Will Orthotics Slow Down My Triathlon Transition Times?

Many athletes wear orthotics. From pee-wee sports, through high school, into college, professional to weekend warriors, a properly made custom orthotic will balance the mechanics of the lower extremity and enable the foot to function at peak efficiency. Even when some athletes recognize how an orthotic can be helpful to them, they're reluctant to try them.

Why is that? Well some feel that it will weaken their foot overall, which isn't true. Others don't want to be "restricted" by an orthotic, which is actually the opposite of what it is meant to do. Unlike these people who worry about function, triathletes are often concerned with how practical an orthotic is.

The nature of a triathlon is unique, in that you have to transition from swimming, to biking, into running. While we often think of Ironman triathlons, they do come in shorter distances as well, making participation in a triathlon more accessible. How does an orthotic work in multiple sports and transitioning from one to another.

The swim is an easy one to address. No orthotic necessary. Some wear their orthotics in the biking shoes, many of whom have special orthotics specifically designed for that style shoe. Others choose to not wear their orthotics when they're on the bike.

If a triathlete uses the same orthotics in their biking and running shoes, then that transition requires them to switch them from one shoe to the other. Otherwise, the orthotics are sitting in the running shoes waiting for them. There are some triathletes who do not want to take the time to put on socks before their run, which I do discourage. But for those where every second counts, it is a time saver.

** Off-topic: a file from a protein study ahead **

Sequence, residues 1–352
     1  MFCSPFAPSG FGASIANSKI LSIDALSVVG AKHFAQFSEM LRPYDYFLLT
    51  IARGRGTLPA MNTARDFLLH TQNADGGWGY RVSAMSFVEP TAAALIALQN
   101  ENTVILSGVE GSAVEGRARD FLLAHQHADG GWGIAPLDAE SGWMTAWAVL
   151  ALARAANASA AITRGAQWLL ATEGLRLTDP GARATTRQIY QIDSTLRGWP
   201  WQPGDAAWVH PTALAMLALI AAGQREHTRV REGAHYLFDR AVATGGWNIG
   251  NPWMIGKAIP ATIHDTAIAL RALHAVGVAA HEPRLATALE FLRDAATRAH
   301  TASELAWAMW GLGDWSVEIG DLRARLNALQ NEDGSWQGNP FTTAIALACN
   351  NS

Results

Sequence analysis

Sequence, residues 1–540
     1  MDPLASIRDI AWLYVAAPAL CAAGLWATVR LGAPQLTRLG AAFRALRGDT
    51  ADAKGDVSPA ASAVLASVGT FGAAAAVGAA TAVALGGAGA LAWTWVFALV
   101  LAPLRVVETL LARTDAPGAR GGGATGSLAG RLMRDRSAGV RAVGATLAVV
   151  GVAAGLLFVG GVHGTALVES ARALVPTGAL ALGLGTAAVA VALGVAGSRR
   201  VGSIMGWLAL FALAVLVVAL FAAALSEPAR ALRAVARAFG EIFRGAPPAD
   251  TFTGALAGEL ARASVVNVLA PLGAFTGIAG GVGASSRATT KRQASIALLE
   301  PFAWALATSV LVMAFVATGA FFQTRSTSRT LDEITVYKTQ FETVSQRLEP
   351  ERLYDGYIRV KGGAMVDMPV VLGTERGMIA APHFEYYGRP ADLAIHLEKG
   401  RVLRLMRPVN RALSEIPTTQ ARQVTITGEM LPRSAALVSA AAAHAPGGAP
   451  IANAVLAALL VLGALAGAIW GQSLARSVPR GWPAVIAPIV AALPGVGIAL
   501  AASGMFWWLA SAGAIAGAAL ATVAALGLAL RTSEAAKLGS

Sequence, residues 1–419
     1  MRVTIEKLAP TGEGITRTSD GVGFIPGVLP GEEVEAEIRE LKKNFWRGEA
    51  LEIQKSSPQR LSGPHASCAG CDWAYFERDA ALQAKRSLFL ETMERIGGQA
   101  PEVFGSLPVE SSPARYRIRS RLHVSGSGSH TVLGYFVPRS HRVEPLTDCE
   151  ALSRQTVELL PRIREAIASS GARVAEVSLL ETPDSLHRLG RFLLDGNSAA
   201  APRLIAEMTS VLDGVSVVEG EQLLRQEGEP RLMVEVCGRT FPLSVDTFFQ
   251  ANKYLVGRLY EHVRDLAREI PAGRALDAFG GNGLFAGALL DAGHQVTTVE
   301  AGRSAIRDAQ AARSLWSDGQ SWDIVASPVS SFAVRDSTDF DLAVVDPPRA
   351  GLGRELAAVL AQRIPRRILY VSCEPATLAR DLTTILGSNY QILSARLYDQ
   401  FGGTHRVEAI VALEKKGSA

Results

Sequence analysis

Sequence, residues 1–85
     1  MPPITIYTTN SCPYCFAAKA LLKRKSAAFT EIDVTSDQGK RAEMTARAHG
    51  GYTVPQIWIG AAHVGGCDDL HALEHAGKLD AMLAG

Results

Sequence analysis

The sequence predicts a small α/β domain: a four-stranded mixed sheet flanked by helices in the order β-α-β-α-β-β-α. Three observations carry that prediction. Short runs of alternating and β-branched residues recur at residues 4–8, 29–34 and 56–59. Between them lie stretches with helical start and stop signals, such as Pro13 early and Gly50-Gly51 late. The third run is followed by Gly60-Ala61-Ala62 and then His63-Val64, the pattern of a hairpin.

I had a patient in the office today who is an Ironman triathlete and she uses orthotics in her bike and run. She came up with a great system which she shared with me. She places a velcro dot on the bottom of her orthotic and in the heel of each shoe. She does this for two reasons. First, when she transitions, the orthotic is already in the correct position for her to just slip her foot into the shoe. When she wears her biking shoes, sometimes she doesn't remove the shoes from the clipped pedals, but rather slips her foot out of the shoe. The velcro helps make sure the orthotic stays in the shoe. Shoe insert with velcroorthotic with velcro Of course, once your foot is in the shoe on top of the orthotic no velcro is needed since the orthotic won't slide. This simple system, however, helps enable a triathlete to remove some of the barriers to them wearing an orthotic.
Dr. Andrew Schneider
Dr. Andrew Schneider is a podiatrist and foot surgeon at Tanglewood Foot Specialists in Houston, TX.
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